:arrow: Why this is so fucking disturbing and not something to pass as 'ah human nature, so what?'. Because we LEARN TO OBEY or NOT TO OBEY AUTHORITY, we LEARN TO MAKE CHOICES, we LEARN TO QUESTION ORDERS or NOT. We are not born with these abilities or tendencies. They are the things we learn in a social setting. From our family, friends, society, in school, at work...etc.

:arrow: What lead those people to act this way is not some powerful, violent primary instinct the animal called primate naturally has, but the civilised human who learned to obey authority, to make choices, or to question or not to question. It's NOT the animal, it is the human. The animal intinct screams STOP! whenever he-she hears the voice of a fellow primate in pain, human makes a choice and chooses to go on.

:arrow: Milgram has actually proved on a scientific setting that that the majority of the people in the world would act like Adolf Eichman under those circumstances. That disturbed people so badly, they denied his tenure. They blamed him with being 'immoral'. People went to incredible lengths against themselves, what they hear, feel, their guilt, distress to obey and even impress authority without pressure or threat. They didn't ask a simple question of "What the fuck am I doing here?" and then blamed the scientist who conducted the experiments.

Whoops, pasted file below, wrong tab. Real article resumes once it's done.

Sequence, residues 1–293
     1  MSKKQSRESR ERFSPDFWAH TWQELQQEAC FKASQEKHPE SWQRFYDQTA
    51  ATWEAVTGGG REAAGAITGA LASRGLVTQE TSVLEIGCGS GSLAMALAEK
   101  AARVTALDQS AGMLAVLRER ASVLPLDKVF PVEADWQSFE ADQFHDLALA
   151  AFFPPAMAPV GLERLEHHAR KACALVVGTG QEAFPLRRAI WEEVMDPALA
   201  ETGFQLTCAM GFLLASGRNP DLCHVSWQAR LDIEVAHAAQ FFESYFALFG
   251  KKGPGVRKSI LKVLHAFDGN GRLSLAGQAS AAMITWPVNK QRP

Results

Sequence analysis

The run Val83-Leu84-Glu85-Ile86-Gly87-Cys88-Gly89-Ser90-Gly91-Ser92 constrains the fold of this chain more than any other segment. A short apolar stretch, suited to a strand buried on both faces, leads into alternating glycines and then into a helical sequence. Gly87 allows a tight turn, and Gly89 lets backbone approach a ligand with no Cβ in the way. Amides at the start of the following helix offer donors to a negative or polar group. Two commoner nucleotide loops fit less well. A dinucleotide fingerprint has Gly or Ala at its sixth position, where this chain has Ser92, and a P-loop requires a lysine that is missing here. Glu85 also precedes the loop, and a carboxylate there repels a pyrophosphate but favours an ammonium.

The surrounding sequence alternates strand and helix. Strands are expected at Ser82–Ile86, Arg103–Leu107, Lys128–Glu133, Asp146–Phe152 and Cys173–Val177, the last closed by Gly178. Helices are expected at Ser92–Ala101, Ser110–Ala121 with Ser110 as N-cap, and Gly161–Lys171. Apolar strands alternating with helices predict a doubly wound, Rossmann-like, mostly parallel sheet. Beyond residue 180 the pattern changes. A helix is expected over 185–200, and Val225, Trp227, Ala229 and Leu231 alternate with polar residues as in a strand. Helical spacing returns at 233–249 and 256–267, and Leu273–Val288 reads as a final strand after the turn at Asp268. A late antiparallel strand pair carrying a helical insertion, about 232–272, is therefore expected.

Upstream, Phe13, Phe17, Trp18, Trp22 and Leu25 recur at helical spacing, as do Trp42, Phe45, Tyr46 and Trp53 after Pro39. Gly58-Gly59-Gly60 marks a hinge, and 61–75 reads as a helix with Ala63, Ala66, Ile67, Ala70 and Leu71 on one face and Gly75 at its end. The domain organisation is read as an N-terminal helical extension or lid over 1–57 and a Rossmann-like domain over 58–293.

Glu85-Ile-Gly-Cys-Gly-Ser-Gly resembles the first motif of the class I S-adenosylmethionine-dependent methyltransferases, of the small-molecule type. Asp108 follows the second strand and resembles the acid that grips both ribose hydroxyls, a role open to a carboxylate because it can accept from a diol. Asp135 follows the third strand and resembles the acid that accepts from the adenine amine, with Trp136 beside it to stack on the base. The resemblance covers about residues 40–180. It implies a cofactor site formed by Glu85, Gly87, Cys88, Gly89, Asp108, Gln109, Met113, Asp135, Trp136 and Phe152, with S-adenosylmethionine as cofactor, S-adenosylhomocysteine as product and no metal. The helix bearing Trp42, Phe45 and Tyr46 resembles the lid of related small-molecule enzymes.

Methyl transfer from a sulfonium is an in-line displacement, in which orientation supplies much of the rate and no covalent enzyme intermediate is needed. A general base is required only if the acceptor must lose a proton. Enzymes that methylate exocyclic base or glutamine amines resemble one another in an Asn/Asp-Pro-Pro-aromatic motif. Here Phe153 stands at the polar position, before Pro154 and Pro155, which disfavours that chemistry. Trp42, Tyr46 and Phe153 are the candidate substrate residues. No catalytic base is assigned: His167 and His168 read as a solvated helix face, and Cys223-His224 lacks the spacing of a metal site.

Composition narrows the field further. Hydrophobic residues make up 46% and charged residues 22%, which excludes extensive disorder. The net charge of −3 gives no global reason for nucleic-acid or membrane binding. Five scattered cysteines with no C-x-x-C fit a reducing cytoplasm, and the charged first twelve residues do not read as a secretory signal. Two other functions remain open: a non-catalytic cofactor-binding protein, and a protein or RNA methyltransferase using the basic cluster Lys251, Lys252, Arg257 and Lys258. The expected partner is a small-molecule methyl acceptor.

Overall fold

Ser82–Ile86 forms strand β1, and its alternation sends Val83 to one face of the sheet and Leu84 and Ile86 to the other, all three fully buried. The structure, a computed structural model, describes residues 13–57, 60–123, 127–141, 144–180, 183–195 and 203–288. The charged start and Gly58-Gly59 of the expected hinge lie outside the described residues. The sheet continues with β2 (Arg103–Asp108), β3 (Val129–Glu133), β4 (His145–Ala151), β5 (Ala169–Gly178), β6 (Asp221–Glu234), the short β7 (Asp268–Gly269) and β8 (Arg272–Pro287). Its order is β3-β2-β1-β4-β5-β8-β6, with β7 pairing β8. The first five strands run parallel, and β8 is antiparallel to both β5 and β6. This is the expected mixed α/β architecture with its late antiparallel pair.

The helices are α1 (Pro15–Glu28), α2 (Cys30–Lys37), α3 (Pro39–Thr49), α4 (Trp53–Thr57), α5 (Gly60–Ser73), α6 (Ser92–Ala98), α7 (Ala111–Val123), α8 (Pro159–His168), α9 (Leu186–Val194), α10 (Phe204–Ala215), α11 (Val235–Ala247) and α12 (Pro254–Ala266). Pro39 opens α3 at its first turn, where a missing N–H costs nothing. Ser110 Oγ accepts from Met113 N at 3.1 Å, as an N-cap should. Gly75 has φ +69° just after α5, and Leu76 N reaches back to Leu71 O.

Can you imagine what would happen, has happened, did happen, keep happening even with just an inclination of some threat or real pressure, let alone a brutal dictatorship in real life?


So yeah, this movie is an important piece of entertainment, esp. to the generations who cannot be bothered to learn something if it wasn't made into some series of memes, youtube videos and vlogs or a movie franchise. It is telling something real and people should get down from their moral high horse and pay attention to it. Because they all are only just as 'moral' as those people who volunteered to the experiment contrary to their strong belief that they are special deep down. That was my purpose of posting the thread.



« Last Edit: January 04, 2017, 03:37:20 AM by drunkenshoe »

Offline Baruch

Re: The Experimenter
« Reply #17 on: January 04, 2017, 07:01:24 AM »
These kinds of experiments aren't just informative about the origins of Nazism ... but are useful research for the intelligence agencies who need to build people of mass destruction or do enhanced interrogation or more compliant employees.  It didn't work on Snowden however.  He didn't follow orders ... or did he? ;-)
שלום

Re: The Experimenter
« Reply #18 on: January 04, 2017, 07:10:09 AM »